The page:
and cut in a mite for the waist line—
'bout as much as a knife marks warm
molasses candy—and made the waist
accordingly, sent it on, and Lucy
wrote back it was an elegant fit."—
Youth's Companion.
The Thief of Time.
The emperor of Germany is a strict
disciplinarian, and his power makes
the penalty for being lax in his serv
ice severe and without appeal. For
some time, says an English paper, he
noticed that his barber came always
few minutes late. Finally the em
peror gave the delinquent a fine, gold
chronometer, and urged him to use
"Have you still the chronometer I
gave you?"'
"Yes, your majesty, here it is," re
plied the barber, taking it from hit
"Give it to me," said the emperor.
"It is evidently of no uae to you, and
you may have this one instead."
So saying he placed the handsome
g»ld chronometer on his dressing ta
ble, and handed the amazed barber
a nickle-plated watch worth about
five shillings.—Youth's Companion.
Ail He Mked.
August Manns, the eiinent musical
conductor, was asked by the London
Chronicle for some words from liln
pen to be added '.o a notice of his
seventy-seventh birthday, and in an
swer the conductor sent the following
musical litany: "From ambitious
singers with bad voices,- from fiddleri
who play out of time, frojn Wagnux
disciples without talent, good Lor A.
deliver me."
Some Pretty Garments for the
Misses' School Age.
Seasonable Mode* Are in Keeping
with a Straight nnd Xatnral Fignre
—Attractive Frocks and Blonsca
—A Debutante's Coat.
UCKY young people indeed
are the girls of the present
day, since Fashion at all
events so far as they are con
cerned, seems to have ranged
herself on the side of every­
thing that is dainty and pretty, and yet,
at the same time, sensibly comfortable
and hygienic in the best sense of the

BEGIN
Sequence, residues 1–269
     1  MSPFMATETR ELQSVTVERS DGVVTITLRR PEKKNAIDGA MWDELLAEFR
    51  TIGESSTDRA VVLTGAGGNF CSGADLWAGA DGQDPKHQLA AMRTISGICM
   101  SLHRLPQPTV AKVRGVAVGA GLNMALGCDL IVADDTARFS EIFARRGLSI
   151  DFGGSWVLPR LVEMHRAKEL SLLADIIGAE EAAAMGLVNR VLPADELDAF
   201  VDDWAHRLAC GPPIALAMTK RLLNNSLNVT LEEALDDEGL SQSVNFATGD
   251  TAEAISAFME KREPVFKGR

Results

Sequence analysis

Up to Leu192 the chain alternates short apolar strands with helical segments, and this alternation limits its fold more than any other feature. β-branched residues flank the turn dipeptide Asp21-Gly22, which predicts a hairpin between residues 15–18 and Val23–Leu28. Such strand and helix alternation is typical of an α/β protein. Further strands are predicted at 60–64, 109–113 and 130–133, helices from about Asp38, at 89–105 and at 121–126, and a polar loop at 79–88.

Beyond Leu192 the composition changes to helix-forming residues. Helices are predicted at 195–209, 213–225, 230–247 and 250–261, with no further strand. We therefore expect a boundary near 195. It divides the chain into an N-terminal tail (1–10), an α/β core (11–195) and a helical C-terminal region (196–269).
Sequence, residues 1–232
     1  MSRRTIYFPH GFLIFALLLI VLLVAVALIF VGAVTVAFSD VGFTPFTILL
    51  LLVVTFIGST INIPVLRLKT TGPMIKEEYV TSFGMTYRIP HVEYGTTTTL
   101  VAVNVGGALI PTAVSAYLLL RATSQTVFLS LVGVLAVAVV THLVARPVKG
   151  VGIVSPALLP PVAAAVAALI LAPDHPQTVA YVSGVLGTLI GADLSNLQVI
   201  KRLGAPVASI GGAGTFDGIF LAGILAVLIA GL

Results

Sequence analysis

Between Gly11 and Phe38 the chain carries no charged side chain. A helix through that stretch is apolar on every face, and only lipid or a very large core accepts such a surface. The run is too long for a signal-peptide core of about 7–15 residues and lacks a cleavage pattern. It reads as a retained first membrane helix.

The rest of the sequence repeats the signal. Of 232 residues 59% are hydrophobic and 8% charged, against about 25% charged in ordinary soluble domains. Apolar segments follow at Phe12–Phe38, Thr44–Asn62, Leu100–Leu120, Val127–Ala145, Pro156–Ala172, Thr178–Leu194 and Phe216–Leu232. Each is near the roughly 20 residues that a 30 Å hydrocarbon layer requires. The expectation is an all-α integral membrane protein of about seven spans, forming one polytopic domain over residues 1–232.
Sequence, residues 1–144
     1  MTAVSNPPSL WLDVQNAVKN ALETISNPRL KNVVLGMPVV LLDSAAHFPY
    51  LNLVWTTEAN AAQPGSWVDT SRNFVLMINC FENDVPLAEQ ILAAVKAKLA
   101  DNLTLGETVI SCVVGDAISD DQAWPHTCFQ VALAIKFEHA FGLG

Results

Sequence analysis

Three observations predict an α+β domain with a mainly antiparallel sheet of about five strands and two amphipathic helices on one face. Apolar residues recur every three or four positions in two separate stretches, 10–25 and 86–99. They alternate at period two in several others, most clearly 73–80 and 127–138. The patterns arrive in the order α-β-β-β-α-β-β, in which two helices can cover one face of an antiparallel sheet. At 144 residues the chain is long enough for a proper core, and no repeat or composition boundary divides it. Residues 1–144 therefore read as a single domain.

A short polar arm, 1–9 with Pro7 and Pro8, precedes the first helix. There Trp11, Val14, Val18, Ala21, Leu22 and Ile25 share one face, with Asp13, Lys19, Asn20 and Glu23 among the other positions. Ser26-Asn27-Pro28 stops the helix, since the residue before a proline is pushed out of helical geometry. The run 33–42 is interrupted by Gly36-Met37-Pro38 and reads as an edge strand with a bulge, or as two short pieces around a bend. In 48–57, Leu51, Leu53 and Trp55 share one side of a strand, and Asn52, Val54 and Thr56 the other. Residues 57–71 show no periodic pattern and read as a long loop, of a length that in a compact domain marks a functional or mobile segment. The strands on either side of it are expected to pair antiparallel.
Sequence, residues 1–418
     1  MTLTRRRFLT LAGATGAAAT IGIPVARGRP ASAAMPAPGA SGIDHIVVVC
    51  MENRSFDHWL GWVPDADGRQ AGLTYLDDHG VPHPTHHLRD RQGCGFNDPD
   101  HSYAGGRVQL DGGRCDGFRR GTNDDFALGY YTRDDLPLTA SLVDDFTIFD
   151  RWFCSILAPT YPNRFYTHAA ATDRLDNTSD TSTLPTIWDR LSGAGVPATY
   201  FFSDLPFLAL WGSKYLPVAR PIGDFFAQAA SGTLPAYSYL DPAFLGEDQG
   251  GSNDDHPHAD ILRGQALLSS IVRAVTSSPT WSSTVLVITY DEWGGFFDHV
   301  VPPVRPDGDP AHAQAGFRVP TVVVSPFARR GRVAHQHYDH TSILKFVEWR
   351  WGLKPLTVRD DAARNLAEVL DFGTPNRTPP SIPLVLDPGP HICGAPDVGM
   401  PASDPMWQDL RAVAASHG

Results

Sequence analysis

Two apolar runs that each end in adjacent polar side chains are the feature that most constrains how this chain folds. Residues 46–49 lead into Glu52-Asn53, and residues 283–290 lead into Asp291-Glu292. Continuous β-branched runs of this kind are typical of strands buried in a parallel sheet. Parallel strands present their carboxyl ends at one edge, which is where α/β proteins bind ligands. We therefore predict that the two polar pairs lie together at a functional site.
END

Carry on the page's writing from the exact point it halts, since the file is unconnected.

word. One reads sensational stories in
the daily press from time to time con
cerning school girls who are tortured by
tight lacing, but judging only from one's
own general observation, the school girl
of to-day is a perfectly healthy young
creature, and absolutely innocent of any
thing so foolish as tight lacing. She dis
tinguishes herself in the gymnasium,
she plays basket ball, swims and rows,
wearing for all these exercises garments
that are eminently suitable, and there
fore becoming. Such healthy, outdoor
lives as those which are led by the
typical American school girls of to-day
would be utterly out of the question if
they were the miserable victims of tight
lacing, by night and by day, as some
people nowadays would have us believe,
A certain amount of support in the
way of a corset, preferably one which is
arranged with shoulder straps, is un
doubtedly advantageous in the case of a
growing girl, but anything in the way
of pulling-in at the waist should be most
carefully avoided, since, quite apart
from any consideration of the injury
done by compression to the respiratory
organs, Fashion has decided in favor of
a straight and natural figure, rather
than a nipped-in waist, so that absolutely
nothing is gained by this foolish habit
of tight lacing. At the same time, there
is no need at all for a girl to allow her
figure to be slovenly or untidy in appear
ance for she can be perfectly neat and
trim, and yet allow herself ample
breathing space.
And this brings me to the considera
tion of one of our sketches, wherein may
be seen a smart afternoon frock for a
miss, very chic and up to date, and yet
emphatically graceful and comfortable,
since there is nothing about it to impede
the wearer's movements in the least de
gree. The material chosen is one of
those fine soft cashmeres or woollen fa
brics of the zibeline kind, and which
are really ideal fabrics for young girls'
gowns. As far as color is concerned, I
would suggest a warm tone of deep crim
son, as being a shade which will suit
both dark and fairalike. The deep point
ed yoke and the long cuffs could be made
either in the material itself, drawn up on
cords, or'in soft silk, matching exactly
the color of the cashmere. Little rounds
of the gathered silk or material are also
sewn on to the yoke and cuffs at in
tervals, while the two flounces which
adorn the skirt are only very slightly
full, and are both headed with gathtr
Ings drawn up on cords. The wide soft
waistbelt should be of Lottisine silk rib
bon, some shades darker than the ma
terial itself. The'way In which the joke
fs arranged to extend ovrr the shoulder,
pivingan epauletteoffect,should
be noted as tine of the prettiest ana ^ost
novel featvves of this charming little
It is not quite EO easy as it may at
seem to find new and practical ideas fop
school girls' winter blouses, since so
many of the prettiest notions of the sea